OLDS — There’s a waiting list of 2,600 people who don’t have a regular doctor in Olds, chief administrative officer Brent Williams says.
That's one of several health care issues the town is working on, Williams said during an address to the Olds & District Chamber of Commerce annual general meeting, held March 8 in the Royal Canadian Legion Branch #105.
“Olds has a problem with health care, a significant problem in my opinion,” Williams said.
“AHS (Alberta Health Services) tells us we have enough doctors, ‘everything’s fine, go away.’
“Right now, there’s 2,600 people on a waiting list between the two medical clinics in Olds, so that tells me everything’s not fine," he said.
According to the provincial government, the population in Olds in 2022 was 9,567.
As part of the effort to solve that problem, Williams said a committee has been struck to attract and retain not just doctors, but workers in all aspects of health care.
He said he began working on that with members of the Community Lifestyles Committee about three weeks after he began his job as CAO May 30 last year. It was up and running by last summer.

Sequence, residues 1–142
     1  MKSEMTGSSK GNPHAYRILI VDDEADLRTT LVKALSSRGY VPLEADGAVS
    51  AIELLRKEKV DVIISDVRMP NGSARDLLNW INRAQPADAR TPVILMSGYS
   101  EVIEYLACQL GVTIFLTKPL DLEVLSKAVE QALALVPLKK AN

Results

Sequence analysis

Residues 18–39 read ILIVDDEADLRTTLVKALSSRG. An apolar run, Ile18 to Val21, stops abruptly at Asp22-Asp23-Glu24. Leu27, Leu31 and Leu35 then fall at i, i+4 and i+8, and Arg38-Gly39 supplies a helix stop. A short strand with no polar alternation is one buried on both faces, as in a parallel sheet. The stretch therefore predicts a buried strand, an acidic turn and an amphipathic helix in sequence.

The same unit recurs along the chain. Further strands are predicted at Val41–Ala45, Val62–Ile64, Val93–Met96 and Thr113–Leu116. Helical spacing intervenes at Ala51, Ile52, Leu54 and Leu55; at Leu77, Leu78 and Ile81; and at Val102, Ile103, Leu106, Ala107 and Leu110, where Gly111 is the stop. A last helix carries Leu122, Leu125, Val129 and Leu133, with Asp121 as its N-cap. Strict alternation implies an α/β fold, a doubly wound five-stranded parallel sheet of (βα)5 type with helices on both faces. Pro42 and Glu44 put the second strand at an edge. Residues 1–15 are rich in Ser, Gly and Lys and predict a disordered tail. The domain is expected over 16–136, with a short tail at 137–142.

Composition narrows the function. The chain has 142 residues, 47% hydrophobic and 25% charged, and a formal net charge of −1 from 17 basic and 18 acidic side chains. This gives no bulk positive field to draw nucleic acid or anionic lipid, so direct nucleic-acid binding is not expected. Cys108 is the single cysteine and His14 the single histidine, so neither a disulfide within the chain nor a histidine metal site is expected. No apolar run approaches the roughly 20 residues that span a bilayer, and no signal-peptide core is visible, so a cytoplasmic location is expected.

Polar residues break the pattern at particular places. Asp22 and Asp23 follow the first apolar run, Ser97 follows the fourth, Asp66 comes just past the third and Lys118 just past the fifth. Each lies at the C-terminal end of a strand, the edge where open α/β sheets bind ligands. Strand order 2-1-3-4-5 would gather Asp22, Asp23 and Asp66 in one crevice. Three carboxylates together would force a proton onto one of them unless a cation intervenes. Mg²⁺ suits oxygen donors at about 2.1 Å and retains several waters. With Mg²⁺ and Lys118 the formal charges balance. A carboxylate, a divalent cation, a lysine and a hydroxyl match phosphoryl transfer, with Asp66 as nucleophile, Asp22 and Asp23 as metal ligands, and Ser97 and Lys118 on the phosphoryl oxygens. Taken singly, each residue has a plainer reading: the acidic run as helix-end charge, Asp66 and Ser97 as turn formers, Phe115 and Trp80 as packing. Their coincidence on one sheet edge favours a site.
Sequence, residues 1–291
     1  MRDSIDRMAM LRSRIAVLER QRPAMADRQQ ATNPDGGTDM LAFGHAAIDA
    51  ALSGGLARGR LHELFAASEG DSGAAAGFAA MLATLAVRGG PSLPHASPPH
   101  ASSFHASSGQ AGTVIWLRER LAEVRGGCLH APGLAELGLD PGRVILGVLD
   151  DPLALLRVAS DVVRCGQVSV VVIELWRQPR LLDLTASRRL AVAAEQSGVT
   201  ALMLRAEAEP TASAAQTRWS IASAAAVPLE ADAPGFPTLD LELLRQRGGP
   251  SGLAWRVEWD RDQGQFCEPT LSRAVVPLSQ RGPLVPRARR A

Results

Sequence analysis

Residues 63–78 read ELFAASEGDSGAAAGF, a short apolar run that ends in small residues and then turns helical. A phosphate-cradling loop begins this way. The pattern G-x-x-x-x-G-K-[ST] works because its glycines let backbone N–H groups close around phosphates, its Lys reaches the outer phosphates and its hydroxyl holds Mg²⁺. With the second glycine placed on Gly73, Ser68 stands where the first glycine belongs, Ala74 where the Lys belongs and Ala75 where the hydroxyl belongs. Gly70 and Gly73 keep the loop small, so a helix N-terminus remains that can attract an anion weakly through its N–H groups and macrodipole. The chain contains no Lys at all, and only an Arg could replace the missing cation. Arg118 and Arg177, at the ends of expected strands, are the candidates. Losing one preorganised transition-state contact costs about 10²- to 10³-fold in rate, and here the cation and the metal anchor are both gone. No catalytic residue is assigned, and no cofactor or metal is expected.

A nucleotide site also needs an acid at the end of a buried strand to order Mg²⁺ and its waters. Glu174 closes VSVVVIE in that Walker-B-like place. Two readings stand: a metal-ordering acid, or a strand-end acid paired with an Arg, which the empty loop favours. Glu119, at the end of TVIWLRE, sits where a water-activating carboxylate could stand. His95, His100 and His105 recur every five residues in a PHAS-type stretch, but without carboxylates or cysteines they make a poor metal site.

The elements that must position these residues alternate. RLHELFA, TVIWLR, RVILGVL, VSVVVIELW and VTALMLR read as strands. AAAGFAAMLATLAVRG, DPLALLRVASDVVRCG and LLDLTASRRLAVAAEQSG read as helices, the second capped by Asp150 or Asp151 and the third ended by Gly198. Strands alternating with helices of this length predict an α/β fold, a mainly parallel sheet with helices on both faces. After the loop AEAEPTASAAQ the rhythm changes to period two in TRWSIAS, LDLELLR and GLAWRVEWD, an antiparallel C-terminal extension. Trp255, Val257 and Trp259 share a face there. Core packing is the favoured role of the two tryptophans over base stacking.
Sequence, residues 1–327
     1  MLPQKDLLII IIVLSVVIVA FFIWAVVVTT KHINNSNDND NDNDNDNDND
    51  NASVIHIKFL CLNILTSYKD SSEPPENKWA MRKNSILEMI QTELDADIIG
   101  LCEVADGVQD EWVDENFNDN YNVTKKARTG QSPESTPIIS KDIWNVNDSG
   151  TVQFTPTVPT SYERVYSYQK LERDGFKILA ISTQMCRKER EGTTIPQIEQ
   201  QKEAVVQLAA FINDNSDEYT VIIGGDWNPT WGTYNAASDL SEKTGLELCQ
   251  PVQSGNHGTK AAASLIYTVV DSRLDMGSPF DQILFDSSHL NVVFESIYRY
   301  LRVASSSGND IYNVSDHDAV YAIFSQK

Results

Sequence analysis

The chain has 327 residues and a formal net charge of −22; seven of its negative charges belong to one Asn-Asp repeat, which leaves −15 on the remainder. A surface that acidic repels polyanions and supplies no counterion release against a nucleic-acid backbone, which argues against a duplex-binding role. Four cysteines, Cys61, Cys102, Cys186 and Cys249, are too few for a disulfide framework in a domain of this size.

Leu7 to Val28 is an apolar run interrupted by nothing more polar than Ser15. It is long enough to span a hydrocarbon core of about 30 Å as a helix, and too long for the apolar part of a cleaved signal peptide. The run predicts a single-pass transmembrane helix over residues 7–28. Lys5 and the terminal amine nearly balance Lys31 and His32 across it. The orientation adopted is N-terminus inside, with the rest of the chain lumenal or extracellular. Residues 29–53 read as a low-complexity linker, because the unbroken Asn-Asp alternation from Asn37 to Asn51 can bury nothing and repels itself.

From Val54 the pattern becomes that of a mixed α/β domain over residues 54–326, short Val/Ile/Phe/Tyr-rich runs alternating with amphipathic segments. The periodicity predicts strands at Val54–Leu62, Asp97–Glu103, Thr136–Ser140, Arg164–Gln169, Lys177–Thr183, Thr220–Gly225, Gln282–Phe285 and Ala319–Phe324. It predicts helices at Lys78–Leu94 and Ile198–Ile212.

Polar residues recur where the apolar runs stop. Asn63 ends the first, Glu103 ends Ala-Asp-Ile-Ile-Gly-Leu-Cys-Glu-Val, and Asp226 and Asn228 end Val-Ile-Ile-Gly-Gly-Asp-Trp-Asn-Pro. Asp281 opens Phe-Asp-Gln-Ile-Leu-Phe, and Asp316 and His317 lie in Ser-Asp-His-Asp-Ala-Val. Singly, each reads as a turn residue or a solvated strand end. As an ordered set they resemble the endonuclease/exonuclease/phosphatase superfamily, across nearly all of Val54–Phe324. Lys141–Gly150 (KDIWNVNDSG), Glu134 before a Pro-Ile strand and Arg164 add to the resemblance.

“Now we’re trying to find public members. Some of you have been involved in those conversations. But the chamber, we hope, will be even further involved down the road with the future A & R committee,” Williams said.
He said the town is holding discussions with AHS officials not only about attracting and retaining health care professionals but also about hospital privileges.
“That means doctors who can work in a clinic and have access to work in the hospital, because you need permission to work in a hospital. It’s a different funding model,” Williams said.
“That is very much is unclear right now. It also hurts a physician’s ability to stay in the community.”
Another focus of discussions with AHS is the future of the Olds Hospital and Care Centre.
“We get a lot of funding for parking lots and a 10-year MDR unit, sterilization, but outside of that, we haven’t gotten too much,” Williams said.
“There is a dialysis unit on the books for Olds, a scheduled dialysis unit for 12 years now.”
He called on the chamber to help the town make its case on these issues.
“How do we make this one voice that we have to improve the health care environment here,” he asked. “Because things aren’t going to get better by themselves. In fact, quite the opposite.”